Here's what today's top Mac apps might have looked like on Mac OS 9

Here’s what today’s top Mac apps might have looked like on Mac OS 9


Zoom on Mac OS 9
A taste of the past.
Image: Michael Feeney

Ever wondered what today’s most popular Mac apps might have looked like on earlier Macintosh machines? These incredible design concepts imagine the likes of Google Chrome, Spotify and Zoom running on the 22-year-old Mac OS 9.

Graphic designer Michael Feeney created the collection as part of his terrific (mac)OStalgia project. Check it out in the four-minute video below.

(mac)OStalgia takes modern apps back to Mac OS 9

Like millions around the world, Feeney has been forced to take his work home with him during the pandemic. This got him wondering what his work-from-home routine might look like from a nostalgic perspective.

He picked an old version of Apple’s operating system, Mac OS 9 — which first made its debut in October 1999 — then he began analyzing everything about it “in its greatest details.” By using the SheepShaver emulator, Feeney was able to run Mac OS 9 on a modern machine and pick apart its applications.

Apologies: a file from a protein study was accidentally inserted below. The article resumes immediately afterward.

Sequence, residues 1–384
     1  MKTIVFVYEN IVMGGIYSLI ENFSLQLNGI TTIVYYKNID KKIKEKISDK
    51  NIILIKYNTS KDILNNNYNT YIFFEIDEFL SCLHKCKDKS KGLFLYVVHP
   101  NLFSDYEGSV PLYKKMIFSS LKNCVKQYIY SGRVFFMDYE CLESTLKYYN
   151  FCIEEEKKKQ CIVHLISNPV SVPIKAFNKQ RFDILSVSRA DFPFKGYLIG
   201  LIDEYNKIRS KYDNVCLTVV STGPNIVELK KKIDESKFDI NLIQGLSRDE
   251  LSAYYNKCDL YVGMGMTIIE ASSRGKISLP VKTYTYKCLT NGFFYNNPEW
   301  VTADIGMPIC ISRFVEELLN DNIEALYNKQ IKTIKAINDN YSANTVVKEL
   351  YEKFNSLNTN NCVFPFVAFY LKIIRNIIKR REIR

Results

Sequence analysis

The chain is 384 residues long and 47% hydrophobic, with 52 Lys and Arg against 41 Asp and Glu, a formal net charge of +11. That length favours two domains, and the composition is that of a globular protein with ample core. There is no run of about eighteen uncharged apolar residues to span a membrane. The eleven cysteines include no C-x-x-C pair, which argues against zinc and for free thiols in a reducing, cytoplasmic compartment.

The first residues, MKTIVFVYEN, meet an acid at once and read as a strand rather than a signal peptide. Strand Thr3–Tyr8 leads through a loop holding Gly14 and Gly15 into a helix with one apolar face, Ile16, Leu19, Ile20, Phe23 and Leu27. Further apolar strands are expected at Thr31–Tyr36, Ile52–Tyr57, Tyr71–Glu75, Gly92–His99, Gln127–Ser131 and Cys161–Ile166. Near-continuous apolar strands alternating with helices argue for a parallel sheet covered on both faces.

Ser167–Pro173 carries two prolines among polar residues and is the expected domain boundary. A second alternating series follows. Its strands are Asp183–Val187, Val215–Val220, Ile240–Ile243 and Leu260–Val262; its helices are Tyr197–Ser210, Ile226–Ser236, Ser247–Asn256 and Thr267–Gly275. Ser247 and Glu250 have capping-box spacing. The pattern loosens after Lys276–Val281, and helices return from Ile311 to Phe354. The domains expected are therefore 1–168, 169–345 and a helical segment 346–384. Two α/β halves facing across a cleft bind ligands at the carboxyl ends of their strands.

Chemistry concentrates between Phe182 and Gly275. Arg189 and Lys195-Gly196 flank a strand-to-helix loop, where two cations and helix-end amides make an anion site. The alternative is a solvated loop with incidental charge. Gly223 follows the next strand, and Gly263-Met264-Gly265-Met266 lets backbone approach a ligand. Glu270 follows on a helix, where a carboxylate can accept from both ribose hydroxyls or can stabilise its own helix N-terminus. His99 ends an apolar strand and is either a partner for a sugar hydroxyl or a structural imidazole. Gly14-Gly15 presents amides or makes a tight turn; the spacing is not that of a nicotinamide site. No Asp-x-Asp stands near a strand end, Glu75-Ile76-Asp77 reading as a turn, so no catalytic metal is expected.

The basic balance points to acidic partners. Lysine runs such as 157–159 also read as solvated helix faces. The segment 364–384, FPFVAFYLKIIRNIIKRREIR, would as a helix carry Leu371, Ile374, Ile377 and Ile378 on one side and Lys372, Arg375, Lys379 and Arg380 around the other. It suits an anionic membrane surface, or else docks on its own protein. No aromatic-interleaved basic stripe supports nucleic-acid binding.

Spotify Mac OS 9
Music streaming was little more than a dream back then.
Image: Michael Feeney

Feeney created a library of Mac OS 9 components, like buttons, tabs, icons, and more. He then used this to redesign a bunch of modern Mac apps for earlier Macintosh machines. The results are pretty spectacular.

In addition to a website that showcases all of the recreations — and explains the design process — Feeney has created a wonderful video that gives us a tour of his concepts. It’s well worth four minutes of your time.

A lot different, but very much the same

One thing the project taught Feeney, which really shows in his video, is that as much as design and interface trends have changed over the past 20 years, the fundamentals, and the way in which apps behave, are still the same.

“After all, it is indeed difficult to replace well installed behaviour such as visual feedback on hover, scroll for more content, double click to launch application, etc,” Feeney wrote. “Basically, because our Operating Systems still behave in a similar way, so did the UI and the UX of many of our apps.”

One area that has seen significant improvements, Feeney noted, is accessibility. The absence of features like VoiceOver, dark mode, and integrated screen readers “is definitely what stood out the most looking back at Mac OS 9.”

If you’re interesting in designing some Mac OS 9 apps yourself, Feeney has very kindly made his UI Kit available to download for free.


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